Refusals are one of the many speech acts of conversational analysis. Many people find themselves engulfed in problematic situations because they do not know how to say ‘No’ and many have had to experience negative emotions such as shame, embarrassment, anger, guilt, inferiority complex, resentment or even vengeance when they are caught in the web of the imposition in not knowing how to refuse. The communication process may be two-way, but the feeling conveyed by one party may not always be the same as the other. This study focuses on how Malaysians, ranging from young children, teenagers, adults to the senior adults of various ethnic groups and professions, use language to make refusals. The approach adopted is that of participant observation where people are observed in the various contexts of interactions. The purpose of this study is to explore how people say ‘No’. Spontaneous data is subtly entered into a journal as they occur and where possible, the setting, gender, ethnic background, and likely occupation are indicated. Data is then analysed by focusing on two aspects: politeness theory and language and identity. The findings of this data will elucidate aspects of how language is used both positively and negatively to make refusals. The reasons for doing so will be discussed in the paper.

Victor Lux Tonn
A Xystemic World of Communication

A xystematic model is created in explicating the form and non-form structures and the underlying human dimensions of the general xystem of communication. In this approach, the role of composite cultures is emphasized, and the world of meaning constructed directly and indirectly upon the bases of ontology and axiology is stressed as well. The general xystem investigated incorporates the conventional aspects of communication -- sender, receiver, channel, feed-back, the encoding and decoding of the messages, and communicational competence. Since these aspects of communication are all manifestations of human cultures, the general grand xystem of culture underlying any xystem of communication comprises the cores of Xystem X* (capitalism/scientific humanism, culture of sciences with the spirit of conquest), Xystem D* (classical cultural system, symbolic rationality with the spirit of tranquility), and Xystem ?* (socialism/dialectical humanism, culture of dialectical rationality with the spirit of outward conquest). This model of communication is further enriched by the provision of a xystem of interpersonal network developed on the foundation of the operational sphere of mutuality.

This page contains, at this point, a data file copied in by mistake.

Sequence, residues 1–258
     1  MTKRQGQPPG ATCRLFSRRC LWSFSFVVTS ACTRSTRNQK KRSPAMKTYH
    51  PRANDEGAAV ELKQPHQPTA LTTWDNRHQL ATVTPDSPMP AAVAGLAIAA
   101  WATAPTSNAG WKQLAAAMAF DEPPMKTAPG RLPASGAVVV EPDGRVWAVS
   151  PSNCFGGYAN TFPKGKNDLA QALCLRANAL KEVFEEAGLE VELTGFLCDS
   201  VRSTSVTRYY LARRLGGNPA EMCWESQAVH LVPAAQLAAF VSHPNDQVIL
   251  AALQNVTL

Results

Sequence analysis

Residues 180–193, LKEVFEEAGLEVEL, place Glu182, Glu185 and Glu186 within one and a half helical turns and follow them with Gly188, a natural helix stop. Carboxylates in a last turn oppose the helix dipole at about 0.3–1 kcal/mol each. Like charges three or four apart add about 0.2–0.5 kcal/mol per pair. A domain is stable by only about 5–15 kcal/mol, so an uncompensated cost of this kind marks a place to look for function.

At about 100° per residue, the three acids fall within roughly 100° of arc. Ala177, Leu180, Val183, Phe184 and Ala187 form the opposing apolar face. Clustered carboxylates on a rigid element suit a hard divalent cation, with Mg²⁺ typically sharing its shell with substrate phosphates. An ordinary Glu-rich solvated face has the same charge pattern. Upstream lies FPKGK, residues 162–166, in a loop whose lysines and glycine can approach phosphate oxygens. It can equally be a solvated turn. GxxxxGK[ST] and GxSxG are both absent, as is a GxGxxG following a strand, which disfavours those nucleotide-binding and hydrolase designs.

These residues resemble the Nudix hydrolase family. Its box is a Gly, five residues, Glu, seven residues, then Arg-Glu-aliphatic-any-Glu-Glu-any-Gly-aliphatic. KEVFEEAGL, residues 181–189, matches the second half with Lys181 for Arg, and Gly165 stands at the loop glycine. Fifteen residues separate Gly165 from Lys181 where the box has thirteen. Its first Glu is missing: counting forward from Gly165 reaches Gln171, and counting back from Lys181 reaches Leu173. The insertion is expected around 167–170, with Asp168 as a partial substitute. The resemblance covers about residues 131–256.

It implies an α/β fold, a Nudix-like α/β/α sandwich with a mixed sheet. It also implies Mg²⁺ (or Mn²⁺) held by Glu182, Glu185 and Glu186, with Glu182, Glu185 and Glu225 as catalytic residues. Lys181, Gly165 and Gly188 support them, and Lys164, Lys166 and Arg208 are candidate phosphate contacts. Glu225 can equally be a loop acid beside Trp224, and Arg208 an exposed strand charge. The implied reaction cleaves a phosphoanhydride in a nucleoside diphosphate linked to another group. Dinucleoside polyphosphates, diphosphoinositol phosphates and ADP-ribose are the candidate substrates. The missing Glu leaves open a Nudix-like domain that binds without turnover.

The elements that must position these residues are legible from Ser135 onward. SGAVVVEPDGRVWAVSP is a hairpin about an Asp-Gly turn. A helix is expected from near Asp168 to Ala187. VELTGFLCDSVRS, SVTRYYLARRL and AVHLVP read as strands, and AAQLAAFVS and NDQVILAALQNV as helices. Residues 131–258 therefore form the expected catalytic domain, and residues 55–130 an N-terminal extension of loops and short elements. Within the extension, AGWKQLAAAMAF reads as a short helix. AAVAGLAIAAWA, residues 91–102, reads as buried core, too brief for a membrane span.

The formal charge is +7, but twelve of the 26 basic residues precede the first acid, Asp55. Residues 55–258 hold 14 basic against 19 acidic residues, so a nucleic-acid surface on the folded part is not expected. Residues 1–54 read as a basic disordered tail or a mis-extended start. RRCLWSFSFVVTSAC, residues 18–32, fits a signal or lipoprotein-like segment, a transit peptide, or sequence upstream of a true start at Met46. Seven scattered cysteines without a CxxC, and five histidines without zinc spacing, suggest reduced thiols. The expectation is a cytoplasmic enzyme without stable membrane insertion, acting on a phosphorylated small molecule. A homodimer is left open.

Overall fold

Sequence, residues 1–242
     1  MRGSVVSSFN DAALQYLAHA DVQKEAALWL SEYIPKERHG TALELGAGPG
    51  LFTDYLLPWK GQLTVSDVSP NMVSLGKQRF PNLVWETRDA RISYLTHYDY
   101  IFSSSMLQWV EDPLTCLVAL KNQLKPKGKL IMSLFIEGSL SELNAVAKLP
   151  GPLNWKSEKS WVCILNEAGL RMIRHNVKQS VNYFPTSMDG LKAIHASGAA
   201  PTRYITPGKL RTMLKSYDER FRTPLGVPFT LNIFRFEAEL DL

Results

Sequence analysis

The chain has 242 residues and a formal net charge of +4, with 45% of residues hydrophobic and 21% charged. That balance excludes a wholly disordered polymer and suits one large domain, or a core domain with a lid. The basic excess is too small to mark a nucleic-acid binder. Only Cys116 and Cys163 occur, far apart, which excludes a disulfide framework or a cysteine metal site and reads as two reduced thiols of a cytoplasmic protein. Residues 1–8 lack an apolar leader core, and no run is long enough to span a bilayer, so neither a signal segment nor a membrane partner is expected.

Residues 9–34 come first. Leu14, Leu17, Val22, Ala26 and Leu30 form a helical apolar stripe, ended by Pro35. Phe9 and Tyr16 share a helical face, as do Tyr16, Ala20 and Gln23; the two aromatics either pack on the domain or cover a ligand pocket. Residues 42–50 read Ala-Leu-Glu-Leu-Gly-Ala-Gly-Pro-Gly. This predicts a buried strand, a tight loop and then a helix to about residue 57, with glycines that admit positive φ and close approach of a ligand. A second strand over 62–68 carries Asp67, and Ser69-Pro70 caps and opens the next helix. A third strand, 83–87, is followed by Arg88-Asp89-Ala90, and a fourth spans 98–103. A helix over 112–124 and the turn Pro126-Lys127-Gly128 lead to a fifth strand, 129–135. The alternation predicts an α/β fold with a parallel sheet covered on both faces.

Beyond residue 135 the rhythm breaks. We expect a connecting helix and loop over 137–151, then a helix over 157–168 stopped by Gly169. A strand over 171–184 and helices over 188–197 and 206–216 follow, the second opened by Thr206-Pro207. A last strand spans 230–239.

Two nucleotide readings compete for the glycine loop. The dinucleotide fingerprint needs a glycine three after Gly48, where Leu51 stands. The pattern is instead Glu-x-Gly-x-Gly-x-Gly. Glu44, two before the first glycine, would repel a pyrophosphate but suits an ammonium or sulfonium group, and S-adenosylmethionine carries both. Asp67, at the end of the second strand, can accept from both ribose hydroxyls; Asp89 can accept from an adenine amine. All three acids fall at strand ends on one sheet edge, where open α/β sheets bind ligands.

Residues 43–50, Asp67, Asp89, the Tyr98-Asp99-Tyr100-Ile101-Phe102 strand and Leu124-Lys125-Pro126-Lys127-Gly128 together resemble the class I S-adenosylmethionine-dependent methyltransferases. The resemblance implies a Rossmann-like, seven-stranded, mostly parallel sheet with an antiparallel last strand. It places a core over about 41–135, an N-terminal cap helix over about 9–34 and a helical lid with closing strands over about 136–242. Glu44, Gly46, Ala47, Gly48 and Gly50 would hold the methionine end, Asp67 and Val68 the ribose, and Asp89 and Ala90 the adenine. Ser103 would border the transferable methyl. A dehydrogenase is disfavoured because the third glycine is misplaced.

Frederic Eckhard
What Difference Can a UN Secretary- General Make? -- Address to the Students of Northwest Normal University, Lanzhou, Nov.12, 2008

What difference can a UN Secretary-General make?
He has no army and only a small budget. He has 192 bosses - the Member States of the United Nations; he has to keep them all happy. There's not much room to maneuver.
I worked for three Secretaries-General - Javier Perez de Cuellar of Peru, Boutros Boutros-Ghali of Egypt and Kofi Annan of Ghana. And I found it fascinating how each of them found a significant role to play - thanks to the circumstances of history or the force of their personality - or both.

Lin Zhu
The Journey of an Organizational Communication Scholar: An Interview with Dr. Patrice Buzzanell

This interview was conducted via email over a period of several weeks in March 2009. Dr. Patrice M. Buzzanell is a renowned Organizational Communication scholar, president of International Communication Association (ICA) and Council of Communication Associations (CCA). During the interview, Dr. Buzzanell shared some of her personal experiences as a successful researcher, mentor and teacher and offered her valuable insights regarding the discipline of communication.

Yanrong (Yvonne) Chang
Living and Working Across Cultural Lines: An Interview with Dr. Michael Harris Bond
This interview was conducted via email in April 2009. Dr. Michael Harris Bond is a noted Canadian social psychologist who has been teaching in the Chinese University of Hong Kong since 1974 after getting his Ph.D. in Stanford University. Dr. Bond has done extensive research in areas such as the social psychology of language use, impression management, social psychology across cultures, cross-cultural interaction, the psychology of the Chinese people, and so on. In this interview, Dr. Bond, in a unique and humorous style, describes his experiences of living and working in Hong Kong and how his intercultural experiences have impacted him personally and professionally, offers valuable insights about doing social research, and shares his words of wisdom that junior social researchers/ students may find beneficial.

Guo-Ming Chen
Toward an I Ching Model of Communication